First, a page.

Emissions can be further optimized by ensuring that the catalyst system maintains a high temperature level. In a hybrid engine, this can be supported by the operation strategy and re-activation of the electrically heated catalysts.
Emission adsorption before catalyst light-off
One way to achieve emission adsorption is by dedicated coatings. In order to achieve a high adsorption efficiency, low temperatures are necessary. This matches with the lower incoming exhaust gas temperatures due to advanced ignition timings during cat heating. A metal substrate is considered since this allows high thermal inertia and thus low temperature increase in the first seconds of engine operation and an even distribution of the secondary air mass flow to the inlet face of the electrically heated catalyst. With a temperature limit of 850 °C the adsorption catalyst dictates the position of the exhaust aftertreatment system to be not closed coupled which in turn has benefit regarding thermal aging. Figure 5 shows a comparison of cat heating with and without HC adsorption, in this case downstream of the catalyst.
For exhaust aftertreatment systems targeting at catalyst pre-heating with a burner instead of electrically heated catalysts, the adsorption of the burner emissions via a small carbon canister positioned downstream of the catalyst might be a good solu-tion as well.
Increased catalyst volume
The catalyst volume is increase by 30 percent compared to the Euro 6d-TEMP base-line which is already using a bigger catalyst volume compared to former Euro 6b/c levels. This includes the volume of electrically heated catalysts. As a consequence, the space velocity at rated power is reduced to values at which high conversion efficiency can be maintained even in aged conditions.
GPF with improved filtration efficiency
Best-in-class Euro 6c and Euro 6d-TEMP engines without GPF already achieve PM emissions in WLTC of only 0.12 – 0.28 mg/km. Compared to the zero-impact target of 25 µg/m³ (approx. 0.02 mg/km), there is the need for a further PM emission reduction by 83 – 93 percent. This can well be achieved with a second generation GPF.
Final results and outlook
The outlined exhaust aftertreatment system is finally assessed in combination with a 2.0 l 4-cyl. turbocharged GDI engine in a plug-in hybrid configuration. Figure 6 shows the final exhaust aftertreatment system.
Extensive DoE investigations have been performed in order to achieve the zero-impact emission level while minimizing the fuel consumption penalty that arises from the electric pre-heating of the catalysts. Figure 7 depicts the correlation between the electrical pre-heating energy and all resulting gaseous emissions. Valid points fulfill the zero-impact target of NOX emissions lower than 40 µg/m³ as well as a balanced SOC of the battery at the end of the cycle. The optimum for meeting the zero-impact target at best possible fuel consumption is found slightly below 0.4 kWh. HC and CO emissions remain well below FEV’s anticipated Euro 7 limits. But, due to the concept, those emissions are not as drastically reduced as the NOX emissions.
The final results for the optimal operation strategy are depicted in Figure 8. The remaining NOX emissions – although hardly visible – mainly result from the first seconds after engine start. The oxygen storage capacity of the catalyst is completely filled at that time and initial rich operation is required to purge the catalyst before full NOX conversion efficiency is achieved. In the remaining part of the WLTC, NOX emission slips remain minimal. The electrically heated catalysts are re-activated for short intervals during the cycle to ensure the temperatures stay on a sufficiently high level at all times. Fuel consumption increases by 4.3 percent compared to the Euro 6d-TEMP baseline.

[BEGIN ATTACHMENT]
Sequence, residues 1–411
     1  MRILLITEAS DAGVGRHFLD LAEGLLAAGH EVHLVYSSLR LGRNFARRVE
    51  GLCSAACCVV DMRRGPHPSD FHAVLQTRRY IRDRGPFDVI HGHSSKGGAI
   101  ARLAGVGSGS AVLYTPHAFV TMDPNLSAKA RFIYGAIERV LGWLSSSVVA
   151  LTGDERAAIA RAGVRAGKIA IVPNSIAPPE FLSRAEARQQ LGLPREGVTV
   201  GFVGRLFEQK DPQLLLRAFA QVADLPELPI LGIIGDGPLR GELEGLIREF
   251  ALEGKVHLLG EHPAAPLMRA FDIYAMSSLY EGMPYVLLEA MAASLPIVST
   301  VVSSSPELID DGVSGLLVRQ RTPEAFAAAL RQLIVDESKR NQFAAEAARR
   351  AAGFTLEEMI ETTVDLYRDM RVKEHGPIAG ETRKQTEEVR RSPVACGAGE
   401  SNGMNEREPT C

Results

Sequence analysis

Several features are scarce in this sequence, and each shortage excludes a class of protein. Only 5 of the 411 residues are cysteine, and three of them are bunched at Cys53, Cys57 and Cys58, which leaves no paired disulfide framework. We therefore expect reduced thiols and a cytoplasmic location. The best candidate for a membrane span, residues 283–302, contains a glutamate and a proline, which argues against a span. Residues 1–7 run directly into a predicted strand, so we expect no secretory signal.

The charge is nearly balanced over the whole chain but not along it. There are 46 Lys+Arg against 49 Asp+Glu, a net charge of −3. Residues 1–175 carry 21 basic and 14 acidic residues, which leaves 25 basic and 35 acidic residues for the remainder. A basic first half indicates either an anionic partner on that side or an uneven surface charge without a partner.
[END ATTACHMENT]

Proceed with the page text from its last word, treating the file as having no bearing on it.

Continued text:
The zero-impact emission concept presented here is extremely biased towards achieving minimal NOX emissions. For the fulfillment of “just” the Euro 7 emission limit, several conceptual adaptations are possible, e.g. reduction of the number of electrical heated catalysts from two to one. Moreover, the adsorption catalyst could be eliminated, allowing the entire catalyst system to be re-located back to a closed coupled position.
The potential to achieve a simultaneous reduction in both NOx and CO2 emissions via fitting of a pre-turbine exhaust aftertreatment system (PT-EATS) in combination with a mild-hybrid concept was investigated via simulation. The main engine and hybrid system hardware were specified and thereafter, the operating strategies for recuperation and turbocharger control were determined to enable the system to meet a defined tailpipe NOX emissions value of 40 mg/km with a conformity factor (CF) of 1 over all real-world driving cycles. The performance and drivability of the demonstrator are defined to be equivalent to the base vehicle.
The main concept was to locate the exhaust aftertreatment system (EATS) directly downstream of the exhaust manifold, but upstream of the turbine as shown in Figure 1, so that the best CO2 reduction potential and the best aftertreatment performances can be achieved simultaneously.
The engine hardware and PT-EATS were designed and optimized via simulation to identify the best layout of the catalysts and to quantify the potential benefits for CO2 and NOX emissions reduction. The 48V system, made up of a belt starter generator (BSG) with the associated control components, an electric assisted turbocharger (e-TC) and the 48V battery as well as PT-EATS, were integrated to the existing engine model. The simulations optimized EATS component sizes to achieve successfully the integration within the engine bay. The e-Turbo was dimensioned in GT Power and moreover the EGR strategy was optimized to meet the extremely low engine-out NOx emission targets. Furthermore, the recuperation potential was established by using the simulation model. The original exhaust manifold was rotated 180 °C to enable the integration of the turbocharger and a larger EGR cooler was inserted to allow EGR to be used during full-load operation. Additional design modifications were made to the intercooler bracket, the water lines and air lines to allow the complete packaging within the engine bay of the chosen J-Segment demonstrator vehicle.